If you are looking for a job that maximizes the number of hours you can spend with your kids; those weekends, holidays, snow days, and summers off associated with teaching look like hours you won't find in nursing.

    If the hours don't matter and you're up for a new adventure each day, nursing will be that and more. Good luck in your decision!
    THANK YOU SO MUCH! This definitely gives me more insight. Maybe grass isn't always greener. Like I said, they both have their pros and cons. And by your description, I guess I'll be at home doing work, but i'm definitely at least home with my family!!!!! Thanks again!
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    I was a teacher for eight years before I quit to go to nursing school. I said I wouldn't miss the summers off, but I did, and my kids most definitely did. I never worked in a hospital setting; I worked private practice, 8-5 Monday-Friday for two years after graduating.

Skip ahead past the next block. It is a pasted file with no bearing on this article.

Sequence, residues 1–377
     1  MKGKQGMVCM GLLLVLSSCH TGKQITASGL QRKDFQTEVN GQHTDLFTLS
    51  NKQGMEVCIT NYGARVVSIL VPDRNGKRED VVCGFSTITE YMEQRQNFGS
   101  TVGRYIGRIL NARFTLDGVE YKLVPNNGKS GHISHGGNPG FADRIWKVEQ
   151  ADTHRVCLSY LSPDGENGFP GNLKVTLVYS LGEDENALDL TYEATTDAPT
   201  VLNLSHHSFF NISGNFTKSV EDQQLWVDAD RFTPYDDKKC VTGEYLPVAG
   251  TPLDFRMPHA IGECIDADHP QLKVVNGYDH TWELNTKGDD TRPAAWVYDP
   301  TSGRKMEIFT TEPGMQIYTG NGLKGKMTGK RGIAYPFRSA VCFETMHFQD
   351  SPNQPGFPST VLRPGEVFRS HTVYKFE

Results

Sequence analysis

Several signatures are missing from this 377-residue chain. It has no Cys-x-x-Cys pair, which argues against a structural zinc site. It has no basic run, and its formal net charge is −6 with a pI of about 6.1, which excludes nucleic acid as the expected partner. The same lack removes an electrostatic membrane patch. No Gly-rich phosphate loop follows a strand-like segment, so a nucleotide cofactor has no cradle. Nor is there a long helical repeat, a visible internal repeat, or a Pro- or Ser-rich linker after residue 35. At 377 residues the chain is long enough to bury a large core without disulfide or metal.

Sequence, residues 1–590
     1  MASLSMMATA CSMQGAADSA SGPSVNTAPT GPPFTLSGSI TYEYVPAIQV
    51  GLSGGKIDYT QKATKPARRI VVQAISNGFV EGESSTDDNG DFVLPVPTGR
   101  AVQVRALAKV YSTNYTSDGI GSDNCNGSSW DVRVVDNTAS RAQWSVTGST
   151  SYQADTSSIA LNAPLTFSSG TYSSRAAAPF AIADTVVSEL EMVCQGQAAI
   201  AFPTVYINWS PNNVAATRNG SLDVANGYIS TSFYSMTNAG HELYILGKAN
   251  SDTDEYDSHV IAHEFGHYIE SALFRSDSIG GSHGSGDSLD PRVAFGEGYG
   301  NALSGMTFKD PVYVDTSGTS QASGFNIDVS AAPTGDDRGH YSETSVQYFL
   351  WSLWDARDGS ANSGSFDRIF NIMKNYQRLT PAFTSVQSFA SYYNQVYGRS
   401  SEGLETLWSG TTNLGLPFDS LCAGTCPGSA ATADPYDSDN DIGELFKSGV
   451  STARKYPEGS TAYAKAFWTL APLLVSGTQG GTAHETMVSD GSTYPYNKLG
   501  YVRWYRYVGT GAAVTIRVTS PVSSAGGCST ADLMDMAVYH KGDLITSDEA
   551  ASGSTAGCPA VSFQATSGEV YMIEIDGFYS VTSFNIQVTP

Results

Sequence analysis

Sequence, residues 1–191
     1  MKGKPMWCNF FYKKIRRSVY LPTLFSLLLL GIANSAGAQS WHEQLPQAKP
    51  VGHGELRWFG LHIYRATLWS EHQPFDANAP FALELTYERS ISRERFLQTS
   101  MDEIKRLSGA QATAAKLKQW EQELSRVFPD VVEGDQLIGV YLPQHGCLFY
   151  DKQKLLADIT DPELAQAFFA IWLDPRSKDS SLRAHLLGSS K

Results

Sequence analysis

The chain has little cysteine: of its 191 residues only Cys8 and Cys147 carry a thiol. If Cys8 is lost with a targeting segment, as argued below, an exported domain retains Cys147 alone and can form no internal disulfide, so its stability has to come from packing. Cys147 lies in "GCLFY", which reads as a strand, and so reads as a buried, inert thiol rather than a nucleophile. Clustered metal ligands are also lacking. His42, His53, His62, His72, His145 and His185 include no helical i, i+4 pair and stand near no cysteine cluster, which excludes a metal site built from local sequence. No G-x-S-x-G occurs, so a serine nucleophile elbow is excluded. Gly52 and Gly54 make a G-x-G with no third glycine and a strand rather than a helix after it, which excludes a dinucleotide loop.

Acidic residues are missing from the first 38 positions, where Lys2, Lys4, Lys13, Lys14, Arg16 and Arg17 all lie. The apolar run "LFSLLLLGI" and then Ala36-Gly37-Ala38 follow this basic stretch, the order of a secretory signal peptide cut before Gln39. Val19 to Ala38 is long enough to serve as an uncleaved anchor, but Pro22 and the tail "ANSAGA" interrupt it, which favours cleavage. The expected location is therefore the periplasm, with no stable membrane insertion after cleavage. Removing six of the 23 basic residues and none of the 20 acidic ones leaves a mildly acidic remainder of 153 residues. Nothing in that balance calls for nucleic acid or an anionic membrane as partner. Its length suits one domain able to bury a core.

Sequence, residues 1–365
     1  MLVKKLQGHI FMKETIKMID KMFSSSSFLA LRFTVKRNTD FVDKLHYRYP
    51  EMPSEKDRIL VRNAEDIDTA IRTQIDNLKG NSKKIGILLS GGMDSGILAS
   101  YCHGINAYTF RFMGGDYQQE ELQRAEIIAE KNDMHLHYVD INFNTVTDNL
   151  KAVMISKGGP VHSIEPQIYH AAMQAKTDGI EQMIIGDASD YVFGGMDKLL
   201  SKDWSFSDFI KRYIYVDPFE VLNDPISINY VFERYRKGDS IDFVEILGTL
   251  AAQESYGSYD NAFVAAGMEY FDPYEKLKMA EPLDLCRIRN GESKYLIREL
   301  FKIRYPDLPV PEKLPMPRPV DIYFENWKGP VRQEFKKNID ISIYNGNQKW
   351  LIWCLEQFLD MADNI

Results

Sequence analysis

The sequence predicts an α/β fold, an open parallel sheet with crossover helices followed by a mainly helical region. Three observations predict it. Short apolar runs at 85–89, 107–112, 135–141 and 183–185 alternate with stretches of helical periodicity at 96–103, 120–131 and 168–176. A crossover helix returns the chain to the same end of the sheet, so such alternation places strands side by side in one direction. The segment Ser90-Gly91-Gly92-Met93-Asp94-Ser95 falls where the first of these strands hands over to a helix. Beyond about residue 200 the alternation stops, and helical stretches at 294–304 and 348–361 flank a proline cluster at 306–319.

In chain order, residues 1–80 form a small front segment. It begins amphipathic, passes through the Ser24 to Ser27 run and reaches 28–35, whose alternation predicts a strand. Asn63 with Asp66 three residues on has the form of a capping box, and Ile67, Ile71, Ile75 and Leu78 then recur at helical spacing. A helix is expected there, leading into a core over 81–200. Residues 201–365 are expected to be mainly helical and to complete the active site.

Last summer, I accepted a school nurse position, and absolutely love it. I'm off when my kids are, don't take work home, and leave promptly at 4:00 most days. The pay isn't as good as hospital pay, but it's more than I made in private practice, and I am paid with my previous years of service. I get teacher retirement, and can wear what I want to work.
    RN2bBevy likes this.
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    Yeah if you want to do hospital nursing, that is one thing. But there are a lot of other kinds of nursing including clinic/dr. office/outpatient surgery/home health/etc that are not 24/7 jobs where you can potentially get holidays and weekends off. Just something to think about
    RN2bBevy likes this.
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    At least as a teacher, you didn't carry a 6 million dollar malpractice insurance policy. And on late night TV you don't watch commercials for malpractice at every turn. (And yes, nurses do get pulled into malpractice cases as defendants.)
    RN2bBevy likes this.